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Under GDPR there are six grounds to process personal data, these are equally valid.

There are two of these which are relevant to direct marketing, consent or legitimate interest.

Astute Marketing Services have selected legitimate interest as the legal basis for processing personal data which is most appropriate to our business.  This is because the ICO have stated that:

“Using this basis for processing that is expected and has a low privacy impact may help you avoid bombarding people with unnecessary consent requests and can help avoid ‘consent fatigue’. It can also, if done properly, be an effective way of protecting the individual’s interests, especially when combined with clear privacy information and an upfront opportunity to opt out.”

And

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Source:

https://ico.org.uk/for-organisations/guide-to-the-general-data-protection-regulation-gdpr/legitimate-interests/what-s-new-under-the-gdpr/

If you are processing data that Astute Marketing Services has provided after 24th May 2018 we would recommend that you evaluate whether you can use legitimate interest as your legal basis for processing the data as AMS data is not consent based.

What Is Legitimate Interest?

In essence, Legitimate Interest is what most B2B marketeers have been using since the 1998 Data Protection Act.  As the ICO state,

The role of legitimate interests as a potential lawful basis ( or condition) for processing under the 1998 Act and the wording is similar:”

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Source:

https://ico.org.uk/for-organisations/guide-to-the-general-data-protection-regulation-gdpr/legitimate-interests/what-s-new-under-the-gdpr/

 

Recital 47 of the GDPR States that “The processing of personal data for direct marketing purposes may be regarded as carried out for a legitimate interest.”

Additionally, Article 6.1(f) of the GDPR states that the processing is lawful if it is:

“Necessary for the purposes of the legitimate interests pursued by the controller or by a third-party, except where such interests are overridden by the interests or fundamental rights and freedoms of the individual which require protection of personal information, in particular where the individual is a child”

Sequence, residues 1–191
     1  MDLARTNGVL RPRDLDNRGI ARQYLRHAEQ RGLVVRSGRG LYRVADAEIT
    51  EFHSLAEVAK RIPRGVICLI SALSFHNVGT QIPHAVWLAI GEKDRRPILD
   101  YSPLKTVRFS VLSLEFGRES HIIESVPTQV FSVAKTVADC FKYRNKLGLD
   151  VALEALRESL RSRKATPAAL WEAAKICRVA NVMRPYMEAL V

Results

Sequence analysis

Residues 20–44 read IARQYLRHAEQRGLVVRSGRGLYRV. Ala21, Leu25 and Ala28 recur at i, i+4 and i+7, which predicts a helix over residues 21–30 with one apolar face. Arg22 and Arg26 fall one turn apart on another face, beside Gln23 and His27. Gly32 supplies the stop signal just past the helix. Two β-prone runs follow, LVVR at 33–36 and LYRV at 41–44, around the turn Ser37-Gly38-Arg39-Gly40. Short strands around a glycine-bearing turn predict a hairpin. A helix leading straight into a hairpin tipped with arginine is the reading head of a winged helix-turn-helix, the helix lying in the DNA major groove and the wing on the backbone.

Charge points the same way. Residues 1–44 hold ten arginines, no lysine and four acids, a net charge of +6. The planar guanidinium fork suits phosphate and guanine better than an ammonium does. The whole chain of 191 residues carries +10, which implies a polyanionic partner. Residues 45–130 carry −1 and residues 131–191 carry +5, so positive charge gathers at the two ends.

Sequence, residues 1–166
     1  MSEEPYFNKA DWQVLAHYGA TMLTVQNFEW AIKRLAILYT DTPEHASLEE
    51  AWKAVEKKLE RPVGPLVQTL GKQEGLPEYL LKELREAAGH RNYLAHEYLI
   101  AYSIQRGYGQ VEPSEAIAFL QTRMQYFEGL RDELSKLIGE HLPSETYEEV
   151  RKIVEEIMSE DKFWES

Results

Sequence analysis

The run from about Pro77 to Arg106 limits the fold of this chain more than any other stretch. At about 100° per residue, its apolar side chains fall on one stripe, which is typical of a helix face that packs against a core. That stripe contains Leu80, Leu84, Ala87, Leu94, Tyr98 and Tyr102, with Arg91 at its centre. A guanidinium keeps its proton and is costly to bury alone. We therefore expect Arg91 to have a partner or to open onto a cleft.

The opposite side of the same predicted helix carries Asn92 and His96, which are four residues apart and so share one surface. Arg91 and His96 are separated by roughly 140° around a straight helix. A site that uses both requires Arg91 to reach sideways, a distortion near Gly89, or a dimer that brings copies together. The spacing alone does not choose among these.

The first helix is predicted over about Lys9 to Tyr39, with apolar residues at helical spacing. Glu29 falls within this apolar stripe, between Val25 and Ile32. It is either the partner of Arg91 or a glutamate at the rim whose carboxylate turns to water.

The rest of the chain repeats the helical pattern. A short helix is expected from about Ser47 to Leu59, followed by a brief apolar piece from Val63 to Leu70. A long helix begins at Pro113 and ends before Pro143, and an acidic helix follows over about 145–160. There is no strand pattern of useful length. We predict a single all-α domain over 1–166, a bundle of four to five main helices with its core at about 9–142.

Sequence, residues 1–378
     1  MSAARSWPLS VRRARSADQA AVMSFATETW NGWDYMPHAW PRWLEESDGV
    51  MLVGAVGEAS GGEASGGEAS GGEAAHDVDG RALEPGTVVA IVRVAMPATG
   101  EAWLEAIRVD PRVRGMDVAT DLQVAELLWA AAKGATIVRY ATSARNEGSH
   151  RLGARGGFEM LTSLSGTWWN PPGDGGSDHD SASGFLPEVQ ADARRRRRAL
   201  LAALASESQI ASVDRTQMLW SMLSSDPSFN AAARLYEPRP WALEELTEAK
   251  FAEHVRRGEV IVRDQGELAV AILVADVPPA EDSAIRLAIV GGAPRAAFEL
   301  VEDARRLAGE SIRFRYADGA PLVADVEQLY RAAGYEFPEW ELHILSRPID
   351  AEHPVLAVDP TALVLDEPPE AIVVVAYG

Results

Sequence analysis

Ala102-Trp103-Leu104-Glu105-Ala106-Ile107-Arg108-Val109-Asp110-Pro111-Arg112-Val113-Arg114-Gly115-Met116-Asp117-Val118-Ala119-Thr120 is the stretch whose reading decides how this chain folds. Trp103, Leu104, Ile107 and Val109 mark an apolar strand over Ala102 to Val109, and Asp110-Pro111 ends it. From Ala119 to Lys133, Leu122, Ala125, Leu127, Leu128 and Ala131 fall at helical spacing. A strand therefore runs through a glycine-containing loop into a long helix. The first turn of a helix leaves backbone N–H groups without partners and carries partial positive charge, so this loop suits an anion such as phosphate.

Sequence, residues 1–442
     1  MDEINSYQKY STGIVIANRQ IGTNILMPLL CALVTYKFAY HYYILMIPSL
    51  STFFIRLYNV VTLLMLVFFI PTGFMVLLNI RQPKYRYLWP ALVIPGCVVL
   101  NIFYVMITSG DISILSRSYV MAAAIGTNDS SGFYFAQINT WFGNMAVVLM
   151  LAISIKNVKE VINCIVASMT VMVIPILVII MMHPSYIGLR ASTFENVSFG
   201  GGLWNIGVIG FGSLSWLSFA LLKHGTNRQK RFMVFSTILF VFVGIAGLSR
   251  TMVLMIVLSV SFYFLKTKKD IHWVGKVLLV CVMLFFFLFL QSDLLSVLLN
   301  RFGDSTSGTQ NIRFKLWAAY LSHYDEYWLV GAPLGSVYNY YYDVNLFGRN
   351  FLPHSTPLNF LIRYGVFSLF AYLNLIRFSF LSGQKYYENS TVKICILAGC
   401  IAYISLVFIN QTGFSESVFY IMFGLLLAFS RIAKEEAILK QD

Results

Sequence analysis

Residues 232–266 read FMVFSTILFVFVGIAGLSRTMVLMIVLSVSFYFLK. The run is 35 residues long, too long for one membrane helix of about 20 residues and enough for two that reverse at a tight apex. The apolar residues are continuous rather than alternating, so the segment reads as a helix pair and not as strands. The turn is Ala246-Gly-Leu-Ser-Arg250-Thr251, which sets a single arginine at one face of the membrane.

When an organisation uses legitimate interests as the basis for processing, it is subject to appropriate balancing tests such as a Legitimate Interest Impact Assessment (LIA).

The Direct Marketing Association have stated the key conditions that must be met are that:

  • “The processing must relate to the legitimate interests of your business or a specified third party, providing that the interests or fundamental rights of the data subject do not override the business’ legitimate interest.
  • The processing must be necessary to achieve the legitimate interests of the organisation.”

Source:

https://dma.org.uk/uploads/misc/5aabd9a90feff-gdpr-essentials-for-marketers—-an-introduction-to-the-gdpr_5aabd9a90fe17.pdf

 

The Direct Marketing Association have also collaborated on industry guidance on Legitimate Interest with other partners and the results can be found on the data protection network website, www.dpnetwork.org.uk.  This includes an example template of a Legitimate Interest Assessment, which can be found in:

https://www.dpnetwork.org.uk/wp-content/uploads/2017/09/DPN-Guidance-A4-Publication.pdf

The ICO have also issued a Legitimate Interest Assessment Template, which is included in:

https://ico.org.uk/for-organisations/guide-to-the-general-data-protection-regulation-gdpr/legitimate-interests/how-do-we-apply-legitimate-interests-in-practice/

 

Further information on Legitimate Interest and the GDPR can also be found on the Direct Marketing Association Website:

https://dma.org.uk/article/seven-things-b2b-marketers-need-to-understand-about-gdpr

https://dma.org.uk/article/10-things-b2b-marketers-need-to-know-about-the-gdpr-and-data-protection

https://dma.org.uk/article/b2b-marketing-and-the-gdpr

Please note that this information is provided for general information only without prejudice. It does not constitute legal advice and cannot be construed as offering comprehensive guidance to the GDPR or any other applicable legislation such as the Privacy and Electronic Communications Regulation.